Instead, Spufford argues, stories of the primeval forest are the result of the deeper language of myth--they are the dark, wild, unknown places that are necessary to explain chaos and set off order.

Spufford is surely right: the forest, after all, was never--still isn't--wholly gone; it is a concept that is easily extrapolated. But part of me nonetheless resists the idea that nothing of the old stories filtered through, that no trace, however corrupted, lingered through the generations and the conquests and the losses. Again: I expect he has the evidence on his side--mine is a response from the gut, not the mind--but my wish to believe in the enduring chain of story is powerful.

Later in his post--which is well worth clicking through to read in its entirety--Andrew Piper wonders about the future of stories:
Every time I’m in a setting where something has been repeated for so many years I can’t resist running the thought experiment of whether electronic media will make such durability harder. It’s an old cliché (books stable, electronics volatile), but the point is not that it’s true, but what if it were true, what if we could make it happen? What would it be like to live in a world without such absurdly durable social practices? What would it be like to inhabit a culture where forms and practices only lasted a generation or two? Would it be liberating or incredibly sad? Can there be belief without time?
And that brings to mind a set of stories that matter as much to me as any in the world, stories whose language is not set--no perfect repetitions--but whose meaning has been clear for years: the stories my family tells when we are together. My brother and sister and parents and I spin out tales of childhood, to always-fresh laughter, every summer on vacation, and we've been doing it long enough now that my nieces and nephews know some of the stories and their characters. But these stories will not last past them, if they even hold up that long. They're inherently short-lived, narrow-compassed, and no less powerful for that. Mentioning them is at best an oblique response to Piper's question, though I think it probably leads to the answer he'd be likely to arrive at: it's unquestionably sad when the things we care about fade out, the quicker the sadder. It's the nature of things, and I don't pretend to expect anything else. Sticking with the personal: it's not as if my nieces and nephews have any kind of duty to pass on our stories to their children. They'll have stories of their own. But it's sad nonetheless, and to imagine it on the level of a whole culture brings on a vertiginous feeling of fundamental loss.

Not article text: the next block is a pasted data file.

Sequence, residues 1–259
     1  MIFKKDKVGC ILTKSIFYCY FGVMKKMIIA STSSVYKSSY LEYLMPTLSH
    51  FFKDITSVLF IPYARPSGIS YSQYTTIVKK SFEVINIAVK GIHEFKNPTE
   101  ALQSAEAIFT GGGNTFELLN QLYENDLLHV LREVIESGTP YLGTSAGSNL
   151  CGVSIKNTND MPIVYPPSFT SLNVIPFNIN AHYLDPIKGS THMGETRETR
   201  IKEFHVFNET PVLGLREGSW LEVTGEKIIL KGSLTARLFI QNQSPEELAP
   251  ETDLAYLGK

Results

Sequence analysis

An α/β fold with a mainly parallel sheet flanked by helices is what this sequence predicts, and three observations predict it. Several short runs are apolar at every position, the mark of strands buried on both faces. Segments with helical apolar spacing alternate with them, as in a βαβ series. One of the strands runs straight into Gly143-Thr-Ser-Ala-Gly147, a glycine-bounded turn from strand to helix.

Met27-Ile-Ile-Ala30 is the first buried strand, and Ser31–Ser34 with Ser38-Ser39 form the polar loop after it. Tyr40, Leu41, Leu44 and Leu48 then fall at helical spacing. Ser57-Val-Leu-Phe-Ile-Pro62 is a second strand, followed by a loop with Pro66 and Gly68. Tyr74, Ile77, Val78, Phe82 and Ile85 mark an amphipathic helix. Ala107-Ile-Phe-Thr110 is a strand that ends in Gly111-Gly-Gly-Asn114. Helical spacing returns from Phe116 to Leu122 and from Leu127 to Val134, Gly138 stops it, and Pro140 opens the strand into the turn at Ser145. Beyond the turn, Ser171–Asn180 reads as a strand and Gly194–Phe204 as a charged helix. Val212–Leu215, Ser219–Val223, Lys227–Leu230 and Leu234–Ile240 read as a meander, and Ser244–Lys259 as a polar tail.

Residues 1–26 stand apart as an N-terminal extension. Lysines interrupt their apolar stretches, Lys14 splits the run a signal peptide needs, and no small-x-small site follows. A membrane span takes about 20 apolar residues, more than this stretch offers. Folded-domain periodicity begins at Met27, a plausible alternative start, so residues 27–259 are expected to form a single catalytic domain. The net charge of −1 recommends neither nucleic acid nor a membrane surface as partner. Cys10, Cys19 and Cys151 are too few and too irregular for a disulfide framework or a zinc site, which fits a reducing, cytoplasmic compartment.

Since this whole post has been operating with, at best, my usual dilettante's obliqueness, I'll end by turning to a passage from Alain-Fournier's Le Grand Meaulnes (1912):
Between two white posts, at the corner of the wood, Meaulnes found the entrance to an avenue and started down it. After a few steps, he paused, astonished, overcome by a feeling that he could not explain. Though he had been walking with the same tired legs and the icy wind was freezing his lips, at times taking his breath away, none the less an extraordinary feeling of contentment raised his spirits, a feeling of perfect, almost intoxicating tranquillity: the certainty that he had reached his goal and that henceforth only happiness awaited him. This was how, in earlier times, he had felt on the eve of the great summer festivals, when at nightfall fir trees were being set up in the village streets and the window of his bedroom was obscured by their branches.
In that passage we bring together our themes: the forest, discovery, story, adventure, memory--and, loss, because Le Grand Meaulnes is shot through with it, glimpsed here only in that vision of the boyhood bedroom window. (I remember, remember--June nights, abed before dark, listening to the cicadas announce that the darkness was slowly slipping amongst the trees, establishing dominion. Day is done.) This is what connects us. This is what keeps us going. This is the mortar of the loving friendship of my brother and sister and my parents and me.